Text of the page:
Communications were restored with Ingenuity the next day, allowing the mission team to analyze the flight data and see images that revealed at least one damaged rotor blade.
The team is still investigating the cause of the communications blackout and the helicopter’s orientation as it touched down. It’s possible that one of the blades struck the ground during landing, Nelson said.
The team estimates that 25% of the end of the blade is missing, Tzanetos said.
Ingenuity will not attempt any additional flights to test the capability of its rotors because helicopters must be impeccably balanced in order to fly, he said. Most of the lift comes from the last 25% to 35% of the rotor system, and Ingenuity has lost a key part of its thrust capacity.
Whether or not the blade strike occurred and caused the communication loss or a power brownout caused the rotor strike, the team will never know because the data was not saved, he said.
Currently, Perseverance is several hundred meters to the southeast of Ingenuity and driving west on its sample collection mission. The rover may be able to get within 200 to 300 meters of the helicopter and will try to photograph it.
Ingenuity doesn’t carry any scientific instruments, so there is no benefit to treating it like a stationary mission on the ground now that it can’t fly, Tzanetos added.
Once Perseverance drives to the west of the crater’s rim, the rover will lose contact with Ingenuity, which is expected to occur within weeks or months.
Now, the team will carry out some final tests with Ingenuity and download the rest of its data and images.
“She’s tougher than any of us could have ever imagined, going through a blade strike for a helicopter is typically the end and Ingenuity was able to do that and still survive afterwards,” Tzanetos said. “We couldn’t be prouder of our little tough trailblazer.”
The ending of the mission is “bittersweet,” as Nelson said, but the helicopter surpassed expectations for so long. The mission team overcame numerous challenges to keep Ingenuity flying long past its expected life span.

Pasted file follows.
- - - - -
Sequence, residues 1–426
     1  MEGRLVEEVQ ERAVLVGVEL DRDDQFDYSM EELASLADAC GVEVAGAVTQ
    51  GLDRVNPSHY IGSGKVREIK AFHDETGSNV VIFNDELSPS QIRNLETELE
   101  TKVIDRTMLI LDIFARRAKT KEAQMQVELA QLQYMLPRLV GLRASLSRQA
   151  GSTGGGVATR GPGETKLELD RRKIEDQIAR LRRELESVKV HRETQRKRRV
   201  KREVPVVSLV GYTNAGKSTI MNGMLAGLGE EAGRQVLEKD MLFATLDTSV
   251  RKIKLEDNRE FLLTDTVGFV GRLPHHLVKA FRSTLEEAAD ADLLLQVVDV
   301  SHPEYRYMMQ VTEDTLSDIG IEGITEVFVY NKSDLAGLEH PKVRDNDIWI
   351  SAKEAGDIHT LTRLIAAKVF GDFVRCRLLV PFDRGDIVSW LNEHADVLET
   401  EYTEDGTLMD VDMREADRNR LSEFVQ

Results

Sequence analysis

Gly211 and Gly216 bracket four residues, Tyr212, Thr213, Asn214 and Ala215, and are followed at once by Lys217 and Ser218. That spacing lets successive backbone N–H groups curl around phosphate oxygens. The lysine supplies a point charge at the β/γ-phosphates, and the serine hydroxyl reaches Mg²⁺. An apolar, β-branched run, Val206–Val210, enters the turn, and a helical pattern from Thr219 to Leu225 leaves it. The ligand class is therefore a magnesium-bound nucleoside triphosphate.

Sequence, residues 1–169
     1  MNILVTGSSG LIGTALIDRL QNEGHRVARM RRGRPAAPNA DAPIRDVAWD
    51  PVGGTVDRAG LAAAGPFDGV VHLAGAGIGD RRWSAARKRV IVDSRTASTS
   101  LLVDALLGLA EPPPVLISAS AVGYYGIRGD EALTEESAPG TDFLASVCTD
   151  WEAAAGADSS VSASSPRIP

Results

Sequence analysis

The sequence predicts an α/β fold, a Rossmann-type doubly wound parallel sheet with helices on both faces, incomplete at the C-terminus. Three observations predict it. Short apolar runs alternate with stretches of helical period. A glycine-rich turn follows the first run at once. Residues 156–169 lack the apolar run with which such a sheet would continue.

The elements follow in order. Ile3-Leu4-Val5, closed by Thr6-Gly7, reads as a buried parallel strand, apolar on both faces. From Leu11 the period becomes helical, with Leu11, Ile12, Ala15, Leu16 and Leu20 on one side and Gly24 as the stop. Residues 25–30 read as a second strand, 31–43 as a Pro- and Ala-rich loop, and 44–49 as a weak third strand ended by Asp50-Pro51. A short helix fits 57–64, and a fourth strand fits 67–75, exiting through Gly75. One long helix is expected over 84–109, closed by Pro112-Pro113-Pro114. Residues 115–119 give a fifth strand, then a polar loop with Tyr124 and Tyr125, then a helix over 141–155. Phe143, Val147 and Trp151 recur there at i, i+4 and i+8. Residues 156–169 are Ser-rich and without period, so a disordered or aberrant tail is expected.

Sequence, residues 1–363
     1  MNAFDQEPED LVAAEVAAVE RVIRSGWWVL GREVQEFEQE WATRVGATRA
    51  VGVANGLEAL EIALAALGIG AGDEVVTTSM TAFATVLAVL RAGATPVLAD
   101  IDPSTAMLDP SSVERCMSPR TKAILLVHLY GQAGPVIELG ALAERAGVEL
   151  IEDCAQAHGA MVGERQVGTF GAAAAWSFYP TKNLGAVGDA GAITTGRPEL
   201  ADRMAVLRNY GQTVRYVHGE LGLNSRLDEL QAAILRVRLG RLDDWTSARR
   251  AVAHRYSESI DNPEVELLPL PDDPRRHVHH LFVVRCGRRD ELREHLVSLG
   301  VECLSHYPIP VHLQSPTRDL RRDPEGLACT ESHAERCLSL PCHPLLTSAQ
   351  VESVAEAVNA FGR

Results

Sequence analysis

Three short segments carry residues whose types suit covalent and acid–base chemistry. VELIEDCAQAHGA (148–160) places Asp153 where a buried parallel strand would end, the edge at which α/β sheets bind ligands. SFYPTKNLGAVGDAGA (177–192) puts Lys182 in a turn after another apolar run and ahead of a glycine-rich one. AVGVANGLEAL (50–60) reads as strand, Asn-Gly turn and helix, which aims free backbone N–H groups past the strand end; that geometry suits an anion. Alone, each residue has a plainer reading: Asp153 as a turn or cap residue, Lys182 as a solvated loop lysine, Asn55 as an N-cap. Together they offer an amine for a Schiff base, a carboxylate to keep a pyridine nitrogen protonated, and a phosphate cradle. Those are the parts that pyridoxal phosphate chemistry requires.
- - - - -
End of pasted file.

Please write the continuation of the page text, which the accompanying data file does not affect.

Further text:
On Earth, helicopters can’t fly above about 25,000 feet, Leshin said. And Ingenuity had the monumental task of flying through the thin Martian atmosphere.
“On Mars, the atmosphere is so thin that it’s equivalent to what Earth’s atmosphere is at (80,000) or 90,000 feet,” Leshin said.
Over the course of its mission, Ingenuity had multiple software upgrades to help it fly over treacherous terrain, cleaned itself up after dust storms, survived the frigid Martian winter, executed three emergency landings, had a dead sensor and carried out operations from 48 different sites. The helicopter experienced the “infinite amount of curveballs that Mars always throws at you want to try to operate a spacecraft so, so far away,” Tzanetos said.
Ingenuity’s mission kicked off in the spring, when conditions are warmer and clearer on Mars. But as Martian winter approached in June 2022 and the mission outlasted its initial goals, Ingenuity didn’t have enough power to keep itself heated during the freezing nights. As a result, the chopper’s flight computer regularly froze and reset, causing multiple “brownouts.”
All of the data gathered during the lengthy duration of Ingenuity’s mission will help inform future rotorcraft designs to explore Mars and other worlds.
Tzanetos said no one should be surprised when the first astronauts land on Mars with aircraft zooming around above them in the Martian skies to capture the moment.
“The Mars helicopter would have never flown once, much less 72 times, if it were not for the passion and dedication of the Ingenuity and Perseverance teams,” Tzanetos said. “History’s first Mars helicopter will leave behind an indelible mark on the future of space exploration and will inspire fleets of aircraft on Mars — and other worlds — for decades to come.”